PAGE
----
Pope Francis on Sunday presided over a big outdoor Mass where he urged Hungarians not to close the door on migrants and those who are “foreign or unlike us,” in contrast to the anti-immigrant policies of nationalist Prime Minister Viktor Orban.
Tens of thousands of people gathered in and around the square behind Budapest’s iconic neo-gothic parliament building, a symbol of the capital on the Danube, to see the pope on the last day of his visit to the country.
He continued a theme he began on the first day of his visit on Friday, when he warned against the dangers of rising nationalism in Europe, but put it in gospel context, saying that closed doors were painful and contrary to the teachings of Jesus.
Orban, a populist who was attending the Mass, sees himself as a protector of Christian values. He has said he would not allow Hungary to be transformed into an “immigrant country,” as he claims others in Europe have become, unrecognizable to its native peoples.
In his homily, 86-year-old Francis said that if Hungarians wanted to follow Jesus, they had to shun “the closed doors of our individualism amid a society of growing isolation; the closed doors of our indifference towards the underprivileged and those who suffer; the doors we close towards those who are foreign or unlike us, towards migrants or the poor”.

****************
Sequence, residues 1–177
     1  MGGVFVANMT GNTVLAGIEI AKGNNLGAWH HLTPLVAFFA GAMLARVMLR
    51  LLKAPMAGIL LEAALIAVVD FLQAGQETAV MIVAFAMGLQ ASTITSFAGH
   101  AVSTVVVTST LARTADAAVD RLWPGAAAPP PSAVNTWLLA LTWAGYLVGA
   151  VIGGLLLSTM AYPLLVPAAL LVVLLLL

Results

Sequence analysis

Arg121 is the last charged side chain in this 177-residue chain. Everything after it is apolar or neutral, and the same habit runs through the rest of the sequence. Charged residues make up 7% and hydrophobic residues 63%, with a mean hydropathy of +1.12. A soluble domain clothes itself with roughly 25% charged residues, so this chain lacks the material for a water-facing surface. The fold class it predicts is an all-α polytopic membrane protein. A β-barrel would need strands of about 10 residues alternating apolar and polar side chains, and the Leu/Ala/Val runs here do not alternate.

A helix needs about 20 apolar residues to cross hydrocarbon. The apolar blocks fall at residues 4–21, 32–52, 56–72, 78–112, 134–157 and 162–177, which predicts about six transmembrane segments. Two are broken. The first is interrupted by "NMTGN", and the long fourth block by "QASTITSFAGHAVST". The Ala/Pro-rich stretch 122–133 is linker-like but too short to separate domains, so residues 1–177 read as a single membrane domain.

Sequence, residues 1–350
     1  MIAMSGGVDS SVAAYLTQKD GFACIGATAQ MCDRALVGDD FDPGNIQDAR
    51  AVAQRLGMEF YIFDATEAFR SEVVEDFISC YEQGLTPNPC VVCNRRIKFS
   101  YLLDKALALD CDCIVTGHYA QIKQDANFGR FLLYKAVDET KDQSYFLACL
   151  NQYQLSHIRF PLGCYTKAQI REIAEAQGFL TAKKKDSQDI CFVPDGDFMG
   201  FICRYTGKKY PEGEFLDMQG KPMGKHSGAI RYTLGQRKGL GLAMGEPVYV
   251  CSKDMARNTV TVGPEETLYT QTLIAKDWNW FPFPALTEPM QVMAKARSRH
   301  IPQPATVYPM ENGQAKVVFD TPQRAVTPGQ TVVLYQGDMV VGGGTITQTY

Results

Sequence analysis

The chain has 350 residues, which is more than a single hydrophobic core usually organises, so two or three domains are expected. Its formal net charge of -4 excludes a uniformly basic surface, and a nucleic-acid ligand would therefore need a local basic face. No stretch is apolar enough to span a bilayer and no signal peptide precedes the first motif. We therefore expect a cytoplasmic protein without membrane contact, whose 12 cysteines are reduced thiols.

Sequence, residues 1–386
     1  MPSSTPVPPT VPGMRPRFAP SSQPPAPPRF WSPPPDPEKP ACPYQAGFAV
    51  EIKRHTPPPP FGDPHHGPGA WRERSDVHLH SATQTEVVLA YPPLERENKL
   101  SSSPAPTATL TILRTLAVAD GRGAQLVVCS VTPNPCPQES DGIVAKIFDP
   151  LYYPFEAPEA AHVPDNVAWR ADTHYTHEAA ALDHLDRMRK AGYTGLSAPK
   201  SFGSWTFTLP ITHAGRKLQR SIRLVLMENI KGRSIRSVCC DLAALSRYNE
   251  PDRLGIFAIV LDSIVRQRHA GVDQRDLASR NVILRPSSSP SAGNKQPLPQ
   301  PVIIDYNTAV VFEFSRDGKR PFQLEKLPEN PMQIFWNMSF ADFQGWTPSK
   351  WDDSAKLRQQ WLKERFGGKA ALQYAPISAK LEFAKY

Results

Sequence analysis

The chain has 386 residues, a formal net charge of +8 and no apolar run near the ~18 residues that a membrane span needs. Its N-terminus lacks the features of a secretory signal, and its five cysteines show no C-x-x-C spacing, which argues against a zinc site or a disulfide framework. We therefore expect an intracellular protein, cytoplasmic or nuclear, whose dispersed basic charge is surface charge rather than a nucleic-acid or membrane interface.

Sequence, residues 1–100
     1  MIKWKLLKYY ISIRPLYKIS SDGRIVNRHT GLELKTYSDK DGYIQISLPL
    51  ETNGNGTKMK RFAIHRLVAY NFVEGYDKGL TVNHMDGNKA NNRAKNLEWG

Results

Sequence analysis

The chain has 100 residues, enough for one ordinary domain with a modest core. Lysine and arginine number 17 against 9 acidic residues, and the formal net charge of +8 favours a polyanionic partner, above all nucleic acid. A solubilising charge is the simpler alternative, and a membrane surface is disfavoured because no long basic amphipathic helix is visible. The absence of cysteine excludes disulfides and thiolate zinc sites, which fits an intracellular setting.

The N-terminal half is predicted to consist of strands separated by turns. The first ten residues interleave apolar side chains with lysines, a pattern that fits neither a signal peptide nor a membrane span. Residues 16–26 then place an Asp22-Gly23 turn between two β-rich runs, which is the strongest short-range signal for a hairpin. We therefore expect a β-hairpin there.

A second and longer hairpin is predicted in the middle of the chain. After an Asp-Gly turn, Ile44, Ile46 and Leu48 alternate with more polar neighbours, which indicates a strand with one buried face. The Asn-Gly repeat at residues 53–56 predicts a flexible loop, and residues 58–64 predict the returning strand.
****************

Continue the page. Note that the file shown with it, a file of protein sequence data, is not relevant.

Francis believes migrants fleeing poverty should be welcomed and integrated because they can culturally enrich host countries and boost Europe’s dwindling populations. He believes that while countries have a right to protect their borders, migrants should be distributed throughout the European Union.
Orban’s government has built a steel fence on the border with Serbia to keep out migrants.
In his homily, Francis also spoke against doors “closed to the world”.
Peter Szoke, leader of the Hungarian chapter of the Sant’ Egidio peace community, who attended the Mass, agreed with the pope’s prescription.
“There is great temptation to be self-referential, to refer everything only to ourselves, only to our own reality, whereas there are other realities too – the realities of the poor, the realities of other nations, the realities of wars, of injustices,” he said.
Sunday’s homily was the second time Francis has used a religious context to make his point. On Friday, he quoted what St Stephen, the 11th century founder of Christian Hungary, had written about welcoming strangers.
The three-day trip is the pope’s first since he was admitted to hospital for bronchitis in March.